Researchers said Monday that they have designed a supercomputer that can handle a staggering 1 trillion mathematical operations per second, a breakthrough computer that experts likened to the running of the first four-minute mile.
The $55-million computer, designed by the Energy Department and Intel Corp., will largely be used by government scientists to simulate nuclear weapons tests that are now banned by international treaty, officials said. Researchers said the machine could also be used for complicated weather forecasting, genetic research, space research and other sophisticated experiments.
"This milestone was once thought unachievable, certainly within this century," Energy Secretary Hazel R. O'Leary said at a news conference. "It's an extraordinary achievement."
The Intel computer is almost three times faster than the current supercomputing record holder, a machine at a Japanese university designed by Hitachi Ltd. The new supercomputer can handle 667 million instructions in the time it takes a bullet to travel a foot, researchers say.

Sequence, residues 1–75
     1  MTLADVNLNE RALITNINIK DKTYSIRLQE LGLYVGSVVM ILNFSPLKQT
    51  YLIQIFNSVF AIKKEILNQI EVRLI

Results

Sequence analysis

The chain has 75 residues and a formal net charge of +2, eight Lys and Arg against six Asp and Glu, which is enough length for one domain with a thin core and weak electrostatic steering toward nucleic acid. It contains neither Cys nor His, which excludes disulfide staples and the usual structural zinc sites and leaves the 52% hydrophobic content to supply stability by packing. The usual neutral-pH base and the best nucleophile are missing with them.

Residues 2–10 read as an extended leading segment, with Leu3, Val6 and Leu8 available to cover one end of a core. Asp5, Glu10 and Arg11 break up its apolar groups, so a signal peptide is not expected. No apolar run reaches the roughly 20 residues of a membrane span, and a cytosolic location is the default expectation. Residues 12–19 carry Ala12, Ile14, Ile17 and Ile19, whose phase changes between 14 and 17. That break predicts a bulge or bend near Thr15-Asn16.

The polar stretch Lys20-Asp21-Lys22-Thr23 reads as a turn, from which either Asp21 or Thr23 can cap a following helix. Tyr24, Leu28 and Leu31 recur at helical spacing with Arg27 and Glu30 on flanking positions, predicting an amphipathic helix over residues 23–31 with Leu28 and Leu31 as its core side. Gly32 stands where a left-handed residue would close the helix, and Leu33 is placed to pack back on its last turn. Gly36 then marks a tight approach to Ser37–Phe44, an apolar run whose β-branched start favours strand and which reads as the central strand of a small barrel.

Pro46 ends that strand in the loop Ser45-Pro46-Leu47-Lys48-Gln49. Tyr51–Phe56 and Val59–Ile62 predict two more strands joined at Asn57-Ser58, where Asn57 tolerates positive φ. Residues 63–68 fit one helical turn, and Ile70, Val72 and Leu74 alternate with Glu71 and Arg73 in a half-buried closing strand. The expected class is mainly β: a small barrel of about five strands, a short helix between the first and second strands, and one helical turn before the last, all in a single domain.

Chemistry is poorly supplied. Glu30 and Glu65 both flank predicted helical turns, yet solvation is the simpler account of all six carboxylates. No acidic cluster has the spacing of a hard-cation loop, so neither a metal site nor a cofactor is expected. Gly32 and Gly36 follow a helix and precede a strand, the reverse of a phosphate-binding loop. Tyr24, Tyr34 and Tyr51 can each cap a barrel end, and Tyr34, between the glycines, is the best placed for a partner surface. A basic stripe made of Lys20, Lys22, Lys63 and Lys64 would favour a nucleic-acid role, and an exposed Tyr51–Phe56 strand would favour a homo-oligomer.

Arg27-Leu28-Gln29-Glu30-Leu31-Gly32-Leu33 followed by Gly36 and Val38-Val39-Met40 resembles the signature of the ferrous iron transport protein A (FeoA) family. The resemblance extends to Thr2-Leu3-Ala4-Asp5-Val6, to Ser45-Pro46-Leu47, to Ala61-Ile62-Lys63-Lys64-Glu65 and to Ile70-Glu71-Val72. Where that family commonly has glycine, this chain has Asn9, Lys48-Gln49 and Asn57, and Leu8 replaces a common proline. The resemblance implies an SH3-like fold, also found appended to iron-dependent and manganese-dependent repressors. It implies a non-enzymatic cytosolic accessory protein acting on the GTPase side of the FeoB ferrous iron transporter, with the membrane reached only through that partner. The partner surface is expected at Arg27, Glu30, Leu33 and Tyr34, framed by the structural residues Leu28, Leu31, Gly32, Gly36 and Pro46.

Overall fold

Santa Clara-based Intel accomplished the feat by essentially wiring together thousands of today's most powerful desktop computers. Using a technique known as "massively parallel computing," engineers linked 7,264 high-end versions of Intel's Pentium processor--the mainstay of most PCs--and programmed them to operate in concert.
Although parallel technology has been used in supercomputers for several years, making the technique work with so many standard processors has been a complicated and elusive goal. It took Intel and Energy Department researchers almost two years of software and hardware development to transform their theory into reality.
The system eventually will comprise more than 9,000 Pentium Pro processors (each running at 200 megahertz) and will be able to operate at 1.4 teraflops--or 1.4 trillion operations per second--Intel Vice President Edward A. Masi said. It will be housed at Sandia National Laboratories in Albuquerque.
Intel researchers said the supercomputer project shows for the first time how massive machines can be built from common microchips instead of the costly and elaborate chips that have gone into earlier machines.
Intel shares fell $5.125 to close at $127.25 on Nasdaq.